My right hon. Friend the Member for Fareham(Sir P. Lloyd) has long experience of these matters, and he cited with some anguish the problems that he had encountered in answering a parliamentary question. I know that Madam Speaker was concerned about the accuracy with which the Stationery Office was reporting Parliament. I have looked into this matter, because some hon. Members have raised it on points of order and debates with Madam Speaker.

I have come to the conclusion that the error rate has not changed in any significant fashion since privatisation. There are very, very few errors each year, and those which are made are divided equally between the printers and those who supply the text. I am full of admiration for the reporters of our procedures, and for HMSO--now the Stationery Office Ltd. I could trace a couple of errors by the printers since privatisation, but they were made by the same loyal staff who worked for HMSO. I hope that that will set Madam Speaker's mind at rest.

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I agree with my right hon. Friend the Member for Fareham, who talked about the present position in terms of the accountability of chief executives. I do not believe that chief executives can both be non-statutory civil servants and accountable directly to Parliament. My right hon. Friend--and, I suspect, the hon. Member for Caithness and Sutherland (Mr. Maclennan)--would probably prefer some agencies to become statutory bodies, and I have taken part in debates with Mr. Lewis when he has argued that point. That would give chief executives a wholly different relationship with Parliament, and it is a case that could be argued.

I do not believe that we can ask chief executives, as civil servants, to accept direct accountability and responsibility to Parliament through Select Committees, because that would directly compromise the responsibility of Ministers to Parliament. I am grateful for the support of the right hon. Member for Bishop Auckland on this. Ministers know no bounds on their accountability, although there are some limits to their personal responsibility.

That allows me to turn to the final and substantive point raised by the hon. Member for North Durham. I am grateful not only to him, but to the right hon. Member for Bishop Auckland for their remarks about the Government and myself. As far as the motion is concerned, the Government agreed in principle in November that such a motion was appropriate. This is not a confession of culpability or of error, or that there is somehow a great gulf in the understanding by Ministers of their responsibilities to this House.

"Questions of Procedure for Ministers" lays out clearly the responsibilities of Ministers to be forthcoming, to tell the truth, not to deliberately mislead the House and so forth. The Government agreed that, in parallel with those instructions from the head of the Government to Ministers, there should be a motion in the House to clarify and set down for the first time--a historic constitutional moment for this House and for Parliament--the responsibilities of Ministers.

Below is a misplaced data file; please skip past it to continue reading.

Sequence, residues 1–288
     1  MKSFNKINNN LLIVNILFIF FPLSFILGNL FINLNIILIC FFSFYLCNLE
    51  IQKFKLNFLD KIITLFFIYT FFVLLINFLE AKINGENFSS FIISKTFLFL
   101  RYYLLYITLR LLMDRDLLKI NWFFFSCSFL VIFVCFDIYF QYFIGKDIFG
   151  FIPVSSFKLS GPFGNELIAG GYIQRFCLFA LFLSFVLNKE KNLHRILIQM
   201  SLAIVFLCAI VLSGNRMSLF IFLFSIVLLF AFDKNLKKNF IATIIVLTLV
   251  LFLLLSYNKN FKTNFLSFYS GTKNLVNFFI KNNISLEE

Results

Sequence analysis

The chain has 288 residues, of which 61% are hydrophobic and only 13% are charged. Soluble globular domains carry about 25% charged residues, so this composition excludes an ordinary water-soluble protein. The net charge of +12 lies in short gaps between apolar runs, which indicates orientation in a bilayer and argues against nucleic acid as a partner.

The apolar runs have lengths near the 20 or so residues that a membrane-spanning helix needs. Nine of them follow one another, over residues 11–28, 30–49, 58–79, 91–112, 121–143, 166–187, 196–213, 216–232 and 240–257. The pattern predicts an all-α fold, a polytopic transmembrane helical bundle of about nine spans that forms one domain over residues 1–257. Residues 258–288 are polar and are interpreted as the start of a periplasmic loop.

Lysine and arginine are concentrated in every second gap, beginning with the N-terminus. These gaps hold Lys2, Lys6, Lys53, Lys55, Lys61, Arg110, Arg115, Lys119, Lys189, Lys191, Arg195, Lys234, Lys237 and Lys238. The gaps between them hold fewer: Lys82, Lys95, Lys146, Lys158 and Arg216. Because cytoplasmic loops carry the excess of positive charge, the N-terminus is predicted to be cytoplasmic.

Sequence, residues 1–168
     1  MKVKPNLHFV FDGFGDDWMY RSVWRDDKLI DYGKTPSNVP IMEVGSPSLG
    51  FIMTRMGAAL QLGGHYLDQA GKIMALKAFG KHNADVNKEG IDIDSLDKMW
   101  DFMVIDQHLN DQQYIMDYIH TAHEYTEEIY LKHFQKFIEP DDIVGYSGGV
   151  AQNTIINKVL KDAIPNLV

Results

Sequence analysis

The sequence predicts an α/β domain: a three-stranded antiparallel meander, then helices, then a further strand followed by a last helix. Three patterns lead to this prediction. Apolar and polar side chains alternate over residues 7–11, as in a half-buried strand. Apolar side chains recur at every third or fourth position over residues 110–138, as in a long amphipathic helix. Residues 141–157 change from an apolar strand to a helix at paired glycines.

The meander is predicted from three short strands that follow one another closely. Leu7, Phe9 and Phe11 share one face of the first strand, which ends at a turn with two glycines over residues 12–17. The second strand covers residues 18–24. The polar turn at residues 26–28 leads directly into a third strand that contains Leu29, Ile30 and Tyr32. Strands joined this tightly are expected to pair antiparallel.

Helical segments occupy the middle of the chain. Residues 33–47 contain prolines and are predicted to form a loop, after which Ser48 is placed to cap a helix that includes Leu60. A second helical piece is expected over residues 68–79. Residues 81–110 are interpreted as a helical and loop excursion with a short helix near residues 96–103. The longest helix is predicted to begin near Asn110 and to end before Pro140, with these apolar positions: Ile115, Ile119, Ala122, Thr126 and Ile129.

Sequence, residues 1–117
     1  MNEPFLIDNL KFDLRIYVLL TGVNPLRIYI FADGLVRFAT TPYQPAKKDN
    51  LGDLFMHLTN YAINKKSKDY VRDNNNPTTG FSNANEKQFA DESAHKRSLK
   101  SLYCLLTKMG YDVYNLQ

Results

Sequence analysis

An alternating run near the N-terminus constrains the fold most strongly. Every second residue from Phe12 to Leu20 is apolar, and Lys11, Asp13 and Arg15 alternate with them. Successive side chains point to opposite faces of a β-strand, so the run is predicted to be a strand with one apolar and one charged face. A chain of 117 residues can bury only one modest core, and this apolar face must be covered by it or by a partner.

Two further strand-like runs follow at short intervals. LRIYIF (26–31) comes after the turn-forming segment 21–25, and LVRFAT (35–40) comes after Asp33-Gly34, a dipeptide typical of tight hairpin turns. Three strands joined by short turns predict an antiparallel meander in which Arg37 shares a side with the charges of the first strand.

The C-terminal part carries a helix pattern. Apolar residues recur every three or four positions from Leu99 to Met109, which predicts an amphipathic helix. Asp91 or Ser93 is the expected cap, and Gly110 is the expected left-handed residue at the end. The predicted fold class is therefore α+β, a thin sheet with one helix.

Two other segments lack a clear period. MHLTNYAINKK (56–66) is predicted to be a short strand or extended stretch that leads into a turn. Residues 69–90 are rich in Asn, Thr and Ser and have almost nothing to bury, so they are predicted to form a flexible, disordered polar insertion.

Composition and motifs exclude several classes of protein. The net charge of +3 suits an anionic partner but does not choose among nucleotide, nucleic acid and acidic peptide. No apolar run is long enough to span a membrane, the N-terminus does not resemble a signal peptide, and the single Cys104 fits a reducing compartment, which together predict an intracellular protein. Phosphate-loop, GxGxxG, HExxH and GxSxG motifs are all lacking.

We accepted that, and I have discussed the text with the major Opposition parties. The draft of the current motion is in the Select Committee report, and is available in the Vote Office. We have had helpful comments from the Clerk of the Parliaments and the Clerk of the House of Commons, for which the Government are grateful, and these will allow some amendments to be made. I intend to discuss those amendments--which I believe to be procedural and technical in essence--with the major Opposition parties shortly. Discussions in the House of Lords are continuing.

I note that there is no agreement between all parties on the accountability of chief executives of agencies directly to Parliament. That issue has been raised this morning, and the Government have set out their position. We believe that it is important as a point of principle to make sure that chief executives assist Parliament.

Indeed, I can confirm to the hon. Member for North Durham that I cannot find a single instance of a chief executive of an agency not appearing before a Select Committee. It is their duty to help, to turn up, to be as forthcoming as possible and to operate within the Osmotherly rules--named after the civil servant who drew them up--which describe their responsibilities to Parliament. But at the end of the day, they appear with

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the foreknowledge and agreement of their Minister, and the Minister himself is fully accountable. I am grateful to the hon. Gentleman for acknowledging that civil servants cannot be expected to debate or answer for policy, as it is their job to help Select Committees.

Once this motion is passed, my advice is that it will remain through Sessions and Parliaments until the House wishes to return to it. Indeed, the House can return to a motion that we pass at any time, and amend it at any time.

I conclude by thanking all those who have contributed to this debate for their helpful comments, especially in relation to the motion. I confirm on behalf of Her Majesty's Government that it is our aim to bring that motion to the House before Dissolution. It is unfinished business, and the whole House will wish it to be finished.